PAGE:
SARATOGA SPRINGS – The nine boxes have stood their ground, mounted atop posts up-and-down Broadway, since the fall of 2016.
Placed in strategically deliberate locations, the program designed to aid the homeless is the brainchild of the Saratoga Springs Downtown Assessment District. Its purpose is to provide pedestrians a means of making monetary donations directly to services that benefit the local homeless community, as opposed to randomly handing money to someone panhandling on the street, where the end result of the donation wouldn’t be easily known. By all accounts, the caretakers of the program say it has been a success.
One hundred percent of the funds collected by the boxes are forwarded by the Saratoga County Chamber of Commerce to Shelters of Saratoga, which provides assistance to people facing homelessness.
“It helps with our outreach program and we’re also able to get items and supplies we need,” says Michael Finocchi, executive director of Shelters of Saratoga, which provides care via through the Code Blue emergency shelter, its outreach program, drop-in centers, case managed shelter and affordable housing. “There’s also been a huge change downtown on Broadway. People aren’t hanging out like they did. They don’t have to sit downtown with a cup when we can get something for them.”
Twelve boxes were made, each decorated by a different artist via Saratoga Arts, and depict everything from a leaf-laden autumnal landscape, to a hamburger atop a classic red-and-white checkerboard tabletop and a long winding road zagging through a contemporary terrain. Nine were installed. The other three are still looking for a home where the collections could be easily managed.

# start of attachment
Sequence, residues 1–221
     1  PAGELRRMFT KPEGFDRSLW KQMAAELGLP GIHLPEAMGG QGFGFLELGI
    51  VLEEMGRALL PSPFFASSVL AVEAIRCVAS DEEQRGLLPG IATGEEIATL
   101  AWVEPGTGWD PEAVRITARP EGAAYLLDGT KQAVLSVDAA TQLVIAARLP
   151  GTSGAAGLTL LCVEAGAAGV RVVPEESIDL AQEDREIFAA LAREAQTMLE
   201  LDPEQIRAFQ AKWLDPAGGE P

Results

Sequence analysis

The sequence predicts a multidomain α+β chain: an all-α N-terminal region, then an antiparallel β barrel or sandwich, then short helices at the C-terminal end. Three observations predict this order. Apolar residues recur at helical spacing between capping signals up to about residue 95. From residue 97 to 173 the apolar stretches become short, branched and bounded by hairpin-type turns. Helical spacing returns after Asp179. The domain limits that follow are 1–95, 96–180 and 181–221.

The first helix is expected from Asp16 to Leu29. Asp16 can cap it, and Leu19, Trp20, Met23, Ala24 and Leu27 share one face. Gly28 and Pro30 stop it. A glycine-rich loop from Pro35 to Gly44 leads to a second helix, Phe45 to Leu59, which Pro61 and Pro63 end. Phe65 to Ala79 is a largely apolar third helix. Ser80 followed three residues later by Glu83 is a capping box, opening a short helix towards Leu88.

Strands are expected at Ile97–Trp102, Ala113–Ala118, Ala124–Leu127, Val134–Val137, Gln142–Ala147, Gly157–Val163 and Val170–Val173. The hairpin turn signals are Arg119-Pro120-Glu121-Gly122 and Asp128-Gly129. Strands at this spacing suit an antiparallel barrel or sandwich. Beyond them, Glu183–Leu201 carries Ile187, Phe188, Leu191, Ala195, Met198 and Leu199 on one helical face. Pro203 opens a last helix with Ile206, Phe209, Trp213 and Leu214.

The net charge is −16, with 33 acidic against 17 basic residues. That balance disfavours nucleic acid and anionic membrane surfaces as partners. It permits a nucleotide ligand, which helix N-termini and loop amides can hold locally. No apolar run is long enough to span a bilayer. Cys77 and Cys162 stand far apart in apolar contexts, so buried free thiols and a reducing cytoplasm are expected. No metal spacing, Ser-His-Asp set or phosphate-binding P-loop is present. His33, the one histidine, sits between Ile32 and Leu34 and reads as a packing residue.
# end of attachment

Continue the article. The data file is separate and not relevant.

In the first year of implementation, the boxes collected approximately $7,500, says Harvey Fox, chairman of the Saratoga Springs Downtown Assessment District, and one of the initiators of the donation box plan.
“We’ve collected twenties and fifties and donations of up to $100. The point is to help the less fortunate, to help provide opportunities through S.O.S. for safe shelter, training, and jobs. That’s what it’s all about,” says Fox, who adds he has seen the good the project does first-hand, having met folks who have been directly helped since the program was initiated. “It is working and when you talk to people and listen to their stories, it really is moving.”
The “tamper-proof” boxes have lived up to their security expectations. Fox said there have been no incidents reported of attempts to burglarize the boxes. Other communities have not been as fortunate.
In May 2015, The Positive Change Donation Program was implemented by the Downtown Berkeley Association in California. Donation boxes were installed throughout downtown Berkeley to encourage residents to give their spare change to those in need, with donations targeted to help fund social services that reduce homelessness.
“It was great in a lot of ways, but unfortunately we had to discontinue the program because people were using crowbars and breaking into them,” explains John Caner, CEO of the Downtown Berkeley Association. “Perhaps in Saratoga Springs you don’t have those kinds of issues. Here, it was very sad when we had to end it, because it was working.”
Locally, S.O.S. receives the funds on a quarterly basis and re-distributes it as is deemed most appropriate at that time. “We also started donating money back to other agencies that are dealing with same population,” says Finocchi, noting organizations such as the Franklin Community Center, Wellspring, and the Giving Circle – who operate a Thursday night program that provides a hot meal for the homeless population outside the Presbyterian Church – as being among local agencies whose programs have directly benefited from community donations.